One Day in Denali National Park
Denali is unlike any other national park I’ve been to. The park encompasses 6 million acres of land in central Alaska and holds the tallest mountain in North America. This is the second biggest national park in America, second to another located in Alaska.
It was very clear to me that the park service wanted to keep Denali as wild and untouched by humans as possible. For this reason, it is actually difficult to see most of the park. There is only one road that is 92 miles long. The general public is only allowed to drive the first 15 miles of the road. Otherwise, you will have to take a bus if you want to go further. This protects animals and lets them act how they would naturally act in a human-free environment.
There are three main ways you can see the park. The first is to drive your own car along the first 15 miles. There are several trails along this section, and we saw a ton of moose through here too. The second is to take a transit bus beyond the first 15 miles. This option will allow you to get out anywhere you want along the road, hike, and pick a bus that is heading back when you are done. There are no hiking trails beyond the first 15 miles, and you must be good at navigating with a compass and map. The last option is to take a tour bus. There are three lengths of tours ranging from a couple hours to a full day.
Tundra Wilderness Tour
We chose the third option, to take a tour bus into the park. I wanted to see as much as we could with only a day. I originally thought we would want to hike here, but with the transit bus schedule being limited due to COVID along with us being exhausted from our hike a couple days ago, we figured sitting several hours on a warm bus would be nice.
We chose the medium-length tour, which lasts around 6 to 7 hours. The bus drives 62 miles each way and stops several times for bathroom breaks and good views. This is the most popular tour, as you will still get to see the majority of the park, but it’s not too long. It starts early in the morning, so you will still have most of your afternoon and evening to do whatever you like.
The tour isn’t cheap. At $162 per person, this was by far our most expensive activity. But the rest of our trip had been relatively inexpensive and this seemed like the best option for us, so we decided to do it. The national park fee is included in that price, so we got a $15 refund each when we showed them our annual park pass.
Our confirmation email said our departure time was at 6:40am. When checking into our hotel the night before, the front desk clerk advised us to get there 30 minutes early to ensure we got a good spot on the bus. We were the first ones there for our bus, and they had us line up in order of arrival. With COVID, they had one person sitting in each window seat, with no one in the aisles. Sam and I sat across from each other. This was nice, because if there was a wildlife sighting, we could come over to the other side to see out their window.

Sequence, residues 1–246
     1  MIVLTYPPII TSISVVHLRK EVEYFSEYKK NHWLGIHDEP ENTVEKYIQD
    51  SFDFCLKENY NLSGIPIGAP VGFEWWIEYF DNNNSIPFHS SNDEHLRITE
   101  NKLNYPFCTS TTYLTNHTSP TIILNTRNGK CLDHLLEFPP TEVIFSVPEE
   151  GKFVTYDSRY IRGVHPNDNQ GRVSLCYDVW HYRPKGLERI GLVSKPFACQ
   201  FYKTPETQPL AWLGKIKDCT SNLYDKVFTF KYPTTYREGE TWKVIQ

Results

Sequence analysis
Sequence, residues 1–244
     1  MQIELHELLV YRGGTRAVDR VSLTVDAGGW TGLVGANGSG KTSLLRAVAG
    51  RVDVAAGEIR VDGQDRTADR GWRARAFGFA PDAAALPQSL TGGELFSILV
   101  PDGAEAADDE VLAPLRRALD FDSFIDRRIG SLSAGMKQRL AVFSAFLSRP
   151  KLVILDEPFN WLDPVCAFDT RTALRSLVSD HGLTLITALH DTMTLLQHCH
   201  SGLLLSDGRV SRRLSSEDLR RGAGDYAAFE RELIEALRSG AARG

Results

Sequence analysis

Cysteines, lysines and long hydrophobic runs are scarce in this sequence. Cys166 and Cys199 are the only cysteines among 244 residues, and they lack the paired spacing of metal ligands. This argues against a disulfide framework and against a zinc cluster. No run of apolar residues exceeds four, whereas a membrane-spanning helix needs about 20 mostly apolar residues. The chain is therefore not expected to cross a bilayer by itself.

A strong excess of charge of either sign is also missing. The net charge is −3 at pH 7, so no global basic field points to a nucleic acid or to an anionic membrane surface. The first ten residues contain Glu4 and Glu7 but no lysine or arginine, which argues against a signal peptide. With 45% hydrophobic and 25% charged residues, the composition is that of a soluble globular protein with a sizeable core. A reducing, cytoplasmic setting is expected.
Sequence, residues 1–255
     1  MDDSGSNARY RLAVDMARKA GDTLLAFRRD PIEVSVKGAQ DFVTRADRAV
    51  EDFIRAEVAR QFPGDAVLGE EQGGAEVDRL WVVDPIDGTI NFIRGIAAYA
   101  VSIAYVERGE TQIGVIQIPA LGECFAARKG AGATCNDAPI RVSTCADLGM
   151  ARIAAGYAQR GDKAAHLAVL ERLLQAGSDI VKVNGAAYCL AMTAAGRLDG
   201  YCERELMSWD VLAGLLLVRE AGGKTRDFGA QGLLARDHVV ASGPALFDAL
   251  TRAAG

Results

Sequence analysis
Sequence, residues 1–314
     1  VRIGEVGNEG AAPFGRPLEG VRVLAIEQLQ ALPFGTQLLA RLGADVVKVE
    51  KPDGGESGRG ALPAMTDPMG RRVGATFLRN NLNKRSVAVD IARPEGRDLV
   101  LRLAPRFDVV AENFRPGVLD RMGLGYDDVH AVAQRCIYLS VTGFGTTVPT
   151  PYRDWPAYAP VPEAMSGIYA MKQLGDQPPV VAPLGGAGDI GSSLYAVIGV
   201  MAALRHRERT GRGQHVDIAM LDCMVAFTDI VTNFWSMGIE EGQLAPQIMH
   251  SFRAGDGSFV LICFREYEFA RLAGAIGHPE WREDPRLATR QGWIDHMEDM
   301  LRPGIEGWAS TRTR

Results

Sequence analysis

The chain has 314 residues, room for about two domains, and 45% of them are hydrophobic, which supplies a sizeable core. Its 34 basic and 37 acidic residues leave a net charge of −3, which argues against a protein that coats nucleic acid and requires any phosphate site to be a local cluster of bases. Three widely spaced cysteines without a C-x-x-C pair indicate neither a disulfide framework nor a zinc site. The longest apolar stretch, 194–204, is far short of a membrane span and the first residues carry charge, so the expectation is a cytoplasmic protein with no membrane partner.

Highlights From The Tour
Autumn in Denali
Our tour guide told us that Denali only has about a week of autumn, and we were there during the 6th day of it! Many of the trees had turned bright gold and were gorgeous. The park had its first snow two days before we arrived, which really added to the experience.
Alaska has the world’s largest moose. They can get up to 1600 pounds with a height of seven feet! The moose rut (mating season) begins in late August and lasts through early October. Moose are typically solitary creatures, but during this time, they will gather in groups. You will often see males fighting for a female. We saw two big groups of moose within the first 30 minutes of entering the park.
We saw one lone caribou down by a river away from the road. If there’s a wildlife sighting on the bus, you can just call out to the driver to stop and he will.
The next stop was to see a panoramic view at Polychrome Pass. The driver let us off the bus to wander around a little and take pictures. He told us that with the permafrost melting, the road getting to this point was slowly crumbling away. He thought this might be the last year visitors would be able to get this far on the road.
Gift Shop and River Stop
Our second bathroom stop had a small gift shop. We got stickers here for our national park passports. There is also a beautiful river running next to the parking lot with a scenic backdrop.
View of Denali!
The mountain Denali is so large that it has its own weather system surrounding it. Sometimes, it will be perfectly clear outside, but there are clouds completely covering the mountain. Only 30% of people visiting the park actually get to see the mountain because of this. In the morning on the way there, it was cloudy outside and our hopes of seeing the mountain were low. However, as we rounded the last curve to approach the turnaround spot for the tour, the clouds parted, and Denali was completely visible! We felt so lucky and ran out quickly to take pictures in case the clouds came back.
I’d highly recommend doing the Tundra Wilderness Tour. I was really glad we were on the warm(ish) bus instead of hiking out in the freezing cold. Note that the bus was still very chilly, so a hat, gloves, and warm jacket would be a good idea. This was our last full day of our Alaska trip, so we were exhausted and sitting on the bus felt great.